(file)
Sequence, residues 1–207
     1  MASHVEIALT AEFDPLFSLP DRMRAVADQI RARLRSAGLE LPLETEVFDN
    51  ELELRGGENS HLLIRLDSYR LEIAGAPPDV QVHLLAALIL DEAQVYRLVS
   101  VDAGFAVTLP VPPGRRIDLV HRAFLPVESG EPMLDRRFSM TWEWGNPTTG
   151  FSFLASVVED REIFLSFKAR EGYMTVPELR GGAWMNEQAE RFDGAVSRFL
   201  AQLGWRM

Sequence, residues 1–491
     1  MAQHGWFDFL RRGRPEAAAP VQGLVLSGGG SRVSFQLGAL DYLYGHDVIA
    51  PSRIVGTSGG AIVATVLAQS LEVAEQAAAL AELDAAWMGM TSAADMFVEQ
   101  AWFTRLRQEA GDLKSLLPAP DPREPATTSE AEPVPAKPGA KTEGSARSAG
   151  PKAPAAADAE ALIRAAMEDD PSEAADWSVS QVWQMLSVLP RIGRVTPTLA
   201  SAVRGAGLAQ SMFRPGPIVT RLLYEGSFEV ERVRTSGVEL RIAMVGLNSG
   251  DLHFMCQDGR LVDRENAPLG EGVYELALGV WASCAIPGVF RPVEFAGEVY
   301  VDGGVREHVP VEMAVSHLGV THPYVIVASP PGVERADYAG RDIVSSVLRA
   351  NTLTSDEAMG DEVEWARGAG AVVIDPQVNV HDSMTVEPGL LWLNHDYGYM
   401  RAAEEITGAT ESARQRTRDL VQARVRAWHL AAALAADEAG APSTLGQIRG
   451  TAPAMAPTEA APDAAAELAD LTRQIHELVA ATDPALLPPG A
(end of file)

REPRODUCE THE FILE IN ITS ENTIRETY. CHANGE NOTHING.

Sequence, residues 1–207
     1  MASHVEIALT AEFDPLFSLP DRMRAVADQI RARLRSAGLE LPLETEVFDN
    51  ELELRGGENS HLLIRLDSYR LEIAGAPPDV QVHLLAALIL DEAQVYRLVS
   101  VDAGFAVTLP VPPGRRIDLV HRAFLPVESG EPMLDRRFSM TWEWGNPTTG
   151  FSFLASVVED REIFLSFKAR EGYMTVPELR GGAWMNEQAE RFDGAVSRFL
   201  AQLGWRM

Sequence, residues 1–491
     1  MAQHGWFDFL RRGRPEAAAP VQGLVLSGGG SRVSFQLGAL DYLYGHDVIA
    51  PSRIVGTSGG AIVATVLAQS LEVAEQAAAL AELDAAWMGM TSAADMFVEQ
   101  AWFTRLRQEA GDLKSLLPAP DPREPATTSE AEPVPAKPGA KTEGSARSAG
   151  PKAPAAADAE ALIRAAMEDD PSEAADWSVS QVWQMLSVLP RIGRVTPTLA
   201  SAVRGAGLAQ SMFRPGPIVT RLLYEGSFEV ERVRTSGVEL RIAMVGLNSG
   251  DLHFMCQDGR LVDRENAPLG EGVYELALGV WASCAIPGVF RPVEFAGEVY
   301  VDGGVREHVP VEMAVSHLGV THPYVIVASP PGVERADYAG RDIVSSVLRA
   351  NTLTSDEAMG DEVEWARGAG AVVIDPQVNV HDSMTVEPGL LWLNHDYGYM
   401  RAAEEITGAT ESARQRTRDL VQARVRAWHL AAALAADEAG APSTLGQIRG
   451  TAPAMAPTEA APDAAAELAD LTRQIHELVA ATDPALLPPG A